Yesterday I got the call I’ve waited four months to get. The one that contains the phrase “I have your job offer letter and we’d like you to start work tomorrow.”
I was in the middle of a huge park on a dirt path next to a waterfall when I got the word. I did a cartwheel, tripped on a root, and almost knocked my first-born into the raging river waters. It’s been a long journey—one that I’ve been so very eager to see end.
Then it hit me. She said “you start tomorrow.”
My mind sucked through the back of my head back to a time when I was just a kid getting ready for my first day of fifth grade. Still a bit sunburned from a long summer of bike riding, mowing grass, getting my ass beat by my brother, and trying to peek in on the girl living next door.
I flew home and kicked the door open in a panic. First things first – what the hell am I going to wear on my first day? I haven’t worn business clothes in months.
I remember as a kid going through my drawers and finding the coolest pair of Jams I could find. Digging through my wadded-up t-shirts I found the most bad-ass Ocean Pacific shirt and laid them on top of my red high-top Converse.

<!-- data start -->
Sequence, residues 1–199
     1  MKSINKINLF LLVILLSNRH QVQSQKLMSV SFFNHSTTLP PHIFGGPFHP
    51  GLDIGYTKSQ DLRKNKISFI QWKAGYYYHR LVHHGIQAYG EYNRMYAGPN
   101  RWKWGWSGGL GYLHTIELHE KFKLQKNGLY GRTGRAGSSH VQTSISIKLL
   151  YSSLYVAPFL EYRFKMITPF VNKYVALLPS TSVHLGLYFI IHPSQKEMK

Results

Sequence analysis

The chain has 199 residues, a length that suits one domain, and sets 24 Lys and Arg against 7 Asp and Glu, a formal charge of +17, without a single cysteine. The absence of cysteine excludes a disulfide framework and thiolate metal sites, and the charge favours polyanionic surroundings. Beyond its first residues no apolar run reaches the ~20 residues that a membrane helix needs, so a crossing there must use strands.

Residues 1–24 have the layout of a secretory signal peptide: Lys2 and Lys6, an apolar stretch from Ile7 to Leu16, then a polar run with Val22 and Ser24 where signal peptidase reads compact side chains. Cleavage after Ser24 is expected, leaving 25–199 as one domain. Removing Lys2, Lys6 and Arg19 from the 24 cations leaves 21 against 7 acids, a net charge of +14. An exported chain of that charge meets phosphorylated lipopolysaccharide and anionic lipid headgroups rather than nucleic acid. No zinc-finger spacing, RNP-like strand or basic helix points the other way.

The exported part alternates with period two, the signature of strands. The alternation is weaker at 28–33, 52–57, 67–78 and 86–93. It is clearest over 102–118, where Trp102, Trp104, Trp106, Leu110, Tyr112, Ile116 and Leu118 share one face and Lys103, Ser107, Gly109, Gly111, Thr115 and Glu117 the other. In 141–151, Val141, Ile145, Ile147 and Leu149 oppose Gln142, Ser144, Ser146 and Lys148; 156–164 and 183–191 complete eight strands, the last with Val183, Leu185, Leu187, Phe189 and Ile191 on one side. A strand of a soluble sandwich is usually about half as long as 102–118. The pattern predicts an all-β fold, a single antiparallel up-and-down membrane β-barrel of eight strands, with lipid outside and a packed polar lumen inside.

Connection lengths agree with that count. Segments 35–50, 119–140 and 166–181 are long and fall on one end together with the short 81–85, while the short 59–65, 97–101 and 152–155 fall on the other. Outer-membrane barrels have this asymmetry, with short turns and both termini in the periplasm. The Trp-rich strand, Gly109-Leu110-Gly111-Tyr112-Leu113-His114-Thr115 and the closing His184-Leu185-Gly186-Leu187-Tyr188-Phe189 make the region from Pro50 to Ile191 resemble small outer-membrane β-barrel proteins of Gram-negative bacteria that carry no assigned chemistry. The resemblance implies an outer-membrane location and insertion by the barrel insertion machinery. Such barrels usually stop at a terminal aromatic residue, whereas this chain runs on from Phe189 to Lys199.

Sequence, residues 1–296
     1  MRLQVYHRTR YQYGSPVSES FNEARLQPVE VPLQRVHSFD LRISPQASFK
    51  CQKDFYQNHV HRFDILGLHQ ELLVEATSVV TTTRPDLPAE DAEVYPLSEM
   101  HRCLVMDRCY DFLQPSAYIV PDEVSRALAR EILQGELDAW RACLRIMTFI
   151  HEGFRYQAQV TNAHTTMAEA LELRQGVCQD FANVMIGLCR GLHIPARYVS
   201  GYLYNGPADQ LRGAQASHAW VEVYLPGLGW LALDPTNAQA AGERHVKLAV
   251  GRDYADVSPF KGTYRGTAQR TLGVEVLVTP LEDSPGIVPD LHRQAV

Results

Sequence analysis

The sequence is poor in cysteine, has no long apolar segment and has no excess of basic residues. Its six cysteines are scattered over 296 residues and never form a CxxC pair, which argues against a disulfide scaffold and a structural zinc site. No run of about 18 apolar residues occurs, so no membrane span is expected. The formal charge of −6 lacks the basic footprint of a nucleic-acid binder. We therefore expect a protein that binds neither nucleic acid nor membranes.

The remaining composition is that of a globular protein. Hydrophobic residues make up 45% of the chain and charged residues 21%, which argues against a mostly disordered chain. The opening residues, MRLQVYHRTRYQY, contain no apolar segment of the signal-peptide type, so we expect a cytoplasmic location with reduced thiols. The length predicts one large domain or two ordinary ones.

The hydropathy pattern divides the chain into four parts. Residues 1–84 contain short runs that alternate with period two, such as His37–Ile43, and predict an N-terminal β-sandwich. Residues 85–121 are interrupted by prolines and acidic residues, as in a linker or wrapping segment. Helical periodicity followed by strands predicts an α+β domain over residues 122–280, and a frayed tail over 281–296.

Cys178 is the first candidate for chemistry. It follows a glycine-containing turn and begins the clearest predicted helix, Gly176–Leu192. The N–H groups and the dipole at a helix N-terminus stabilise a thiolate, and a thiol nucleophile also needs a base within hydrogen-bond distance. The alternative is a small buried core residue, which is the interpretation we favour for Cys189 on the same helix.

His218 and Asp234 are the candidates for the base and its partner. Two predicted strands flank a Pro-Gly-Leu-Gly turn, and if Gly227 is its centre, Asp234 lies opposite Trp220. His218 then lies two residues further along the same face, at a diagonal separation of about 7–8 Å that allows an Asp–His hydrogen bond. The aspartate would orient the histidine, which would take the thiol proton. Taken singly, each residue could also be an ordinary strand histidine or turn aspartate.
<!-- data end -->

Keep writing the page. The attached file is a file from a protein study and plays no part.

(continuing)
Twenty-three years later I’m laying out my suit, ironing my shirt, dusting off my dress shoes, and making sure I don’t forget to wear my lucky underwear.
Eating that night was always hard because I wouldn’t be able to shut my mind off. Will anyone remember me? Who’s class will I be in? Oh shit I hope I don’t get Ms. Jenkins, her breath smells like my dog’s ass. Then before long, I’d end up face first in the toilet vomiting up my first-day-of-school jitters.
I’m sure at some point tonight I’ll be “talking to Ralph on the big white phone.”
Then comes the sleeping. Setting the alarm clock. Then checking it once, twice, three times.
And not being able to sleep because you fear oversleeping. So you cuddle the alarm clock to make sure you don’t miss a single beep when it finally decides to go off. And it seems you’re waking up every 15 minutes to look at it.
Then the day arrives. You’re dressed and ready to go in record time. Back in the day I would have combed my hair 30 times and checked out my “look” from all angles. I’d make sure I knew exactly how to carry my book-bag so my cool factor would be at the optimum level. Double checked make sure my mom gave me my new Transformers lunch box instead of the Garfield one I carried last year when I was a baby.
Now, I just worry about whether my zipper’s open, that I have my wallet, and that I don’t say “fuck” on the first day.
Tomorrow I start a new job. Tomorrow I get a fresh start. This journey of nearly four months of unemployment has taught me so very much about myself, my friends, family, and the hell many people in this country are dealing with on a daily basis.
I’m very fortunate in so many ways.